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A Warbler Trapped in a Duck Blind.

June 1, 2013

Mourning Warbler

A week ago I was out at Blendon Woods Metro Park on the northeast side of Columbus.  I was wrapping up the spring migration season at a park that has a great reputation for hosting plenty of warblers as they move through the area.  In particular, I was looking for a specific hard-to-spot warbler that had been seen singing here the day before.  Little did I know that I would end up holding this bird in my two hands this morning…

At Blendon Woods, there is a section called the Walden Waterfowl Refuge.  This 118-acre area includes Thoreau Lake, known for attracting waterfowl, and two observation shelters along the shore of the lake for close-up viewing of said waterfowl.  It’s quite a nice viewing area- here’s what it looks like.

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This particular morning I was looking for a particular bird migrating through the area- it could be heard singing in the nearby thickets.  This bird is not easy to see- though to be fair, the summer-like foliage of late May was making it hard to see most birds.

I had been in the northern duck blind once before already, but I decided to go back inside to look around the area.  As soon as I walked in, I saw something on the floor…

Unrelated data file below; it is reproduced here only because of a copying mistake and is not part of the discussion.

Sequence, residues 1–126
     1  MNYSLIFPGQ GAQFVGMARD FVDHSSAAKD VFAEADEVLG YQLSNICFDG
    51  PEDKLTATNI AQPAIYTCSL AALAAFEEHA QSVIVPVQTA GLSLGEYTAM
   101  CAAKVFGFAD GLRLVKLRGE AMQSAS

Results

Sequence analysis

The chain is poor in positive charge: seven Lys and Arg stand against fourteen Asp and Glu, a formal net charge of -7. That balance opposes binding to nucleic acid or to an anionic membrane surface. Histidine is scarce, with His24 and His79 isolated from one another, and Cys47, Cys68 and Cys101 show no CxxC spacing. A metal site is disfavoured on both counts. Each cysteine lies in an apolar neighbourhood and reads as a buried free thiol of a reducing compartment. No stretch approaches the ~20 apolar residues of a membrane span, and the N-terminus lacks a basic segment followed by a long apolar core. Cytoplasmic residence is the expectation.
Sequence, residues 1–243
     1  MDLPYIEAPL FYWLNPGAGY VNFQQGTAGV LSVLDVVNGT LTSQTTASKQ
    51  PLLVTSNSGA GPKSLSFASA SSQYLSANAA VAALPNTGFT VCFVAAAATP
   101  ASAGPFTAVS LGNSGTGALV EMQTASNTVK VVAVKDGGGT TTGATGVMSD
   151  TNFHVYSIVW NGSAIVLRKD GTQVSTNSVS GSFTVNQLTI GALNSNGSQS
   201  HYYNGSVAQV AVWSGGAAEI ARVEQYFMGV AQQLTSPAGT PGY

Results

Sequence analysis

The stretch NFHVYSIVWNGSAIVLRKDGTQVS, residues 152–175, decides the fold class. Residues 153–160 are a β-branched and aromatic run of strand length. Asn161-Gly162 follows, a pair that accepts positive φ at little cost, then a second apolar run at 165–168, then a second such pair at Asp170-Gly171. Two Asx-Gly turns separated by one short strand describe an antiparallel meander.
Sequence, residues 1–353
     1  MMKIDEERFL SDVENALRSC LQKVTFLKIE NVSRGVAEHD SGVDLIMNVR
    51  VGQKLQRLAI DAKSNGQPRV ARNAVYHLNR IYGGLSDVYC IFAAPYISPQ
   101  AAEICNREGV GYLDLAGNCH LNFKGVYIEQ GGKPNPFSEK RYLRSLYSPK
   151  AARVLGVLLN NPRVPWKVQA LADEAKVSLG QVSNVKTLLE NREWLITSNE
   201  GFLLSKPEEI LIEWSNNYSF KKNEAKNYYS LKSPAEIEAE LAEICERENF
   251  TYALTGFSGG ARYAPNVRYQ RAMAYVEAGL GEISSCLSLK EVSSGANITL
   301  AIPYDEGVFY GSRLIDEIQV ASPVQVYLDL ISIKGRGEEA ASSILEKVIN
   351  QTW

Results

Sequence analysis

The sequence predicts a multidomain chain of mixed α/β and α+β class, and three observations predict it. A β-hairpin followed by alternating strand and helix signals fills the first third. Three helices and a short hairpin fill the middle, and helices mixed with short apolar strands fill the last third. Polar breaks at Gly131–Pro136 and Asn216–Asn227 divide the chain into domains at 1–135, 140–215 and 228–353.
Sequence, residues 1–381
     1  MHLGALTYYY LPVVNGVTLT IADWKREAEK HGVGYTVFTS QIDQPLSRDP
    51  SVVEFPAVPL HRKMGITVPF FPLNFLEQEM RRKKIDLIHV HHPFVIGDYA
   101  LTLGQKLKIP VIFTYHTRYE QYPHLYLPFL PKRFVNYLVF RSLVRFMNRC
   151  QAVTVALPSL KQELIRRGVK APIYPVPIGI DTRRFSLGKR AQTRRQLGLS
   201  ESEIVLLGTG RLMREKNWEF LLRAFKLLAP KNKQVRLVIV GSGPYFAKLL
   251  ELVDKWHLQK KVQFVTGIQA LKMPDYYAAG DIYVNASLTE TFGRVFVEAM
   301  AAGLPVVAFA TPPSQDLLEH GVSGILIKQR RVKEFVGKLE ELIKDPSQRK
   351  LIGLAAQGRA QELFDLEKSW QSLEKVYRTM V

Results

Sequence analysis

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At first glance, walking in the blind from the bright morning sunshine, it looked like a sparrow sitting on the floor.  A bird had flown in, perhaps through the observation slits, and couldn’t get back out.  But then I noticed the olive and yellow colors.  This was the bird I had driven to the park to see!

The bird flew up to the window sill, able to see the outdoors but unable to get past the windows.

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I watched as it pecked at the barrier, trying to escape its enclosure.  I took some more photos.  I had no idea I’d get to see this bird inside the duck blind!

It rested on the window sill, looking at me.

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This is a Mourning Warbler, and the black and gray bib indicates that this is a male.  This species summers north of Ohio, preferring second-growth forest as a habitat.  It usually stays well-hidden in vegetation, so seeing it like this was a rare treat.  It’s much easier to hear this bird sing than it is to see it singing.  And its song is rather distinctive.

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I moved closer to try to get him out of the duck blind.  He hunkered down in the corner of the window sill,  breathing rapidly.  I had to move fast, or he might die from the stress of being cornered.

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Here’s the last photo I took before scooping him up in my hands and putting him out through the observation slit (probably the way he got into the blind in the first place).  He sat in my palm for a second, and then took off flying over the pond.

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It was amazing seeing this bird so closely.  I’m glad I could help him on his way- I wouldn’t be surprised if he flew towards Michigan as fast as he could!

You never know when you’ll run across such natural beauty in close quarters.  All’s well that ends well.  I hope you raise a big family this summer, fella!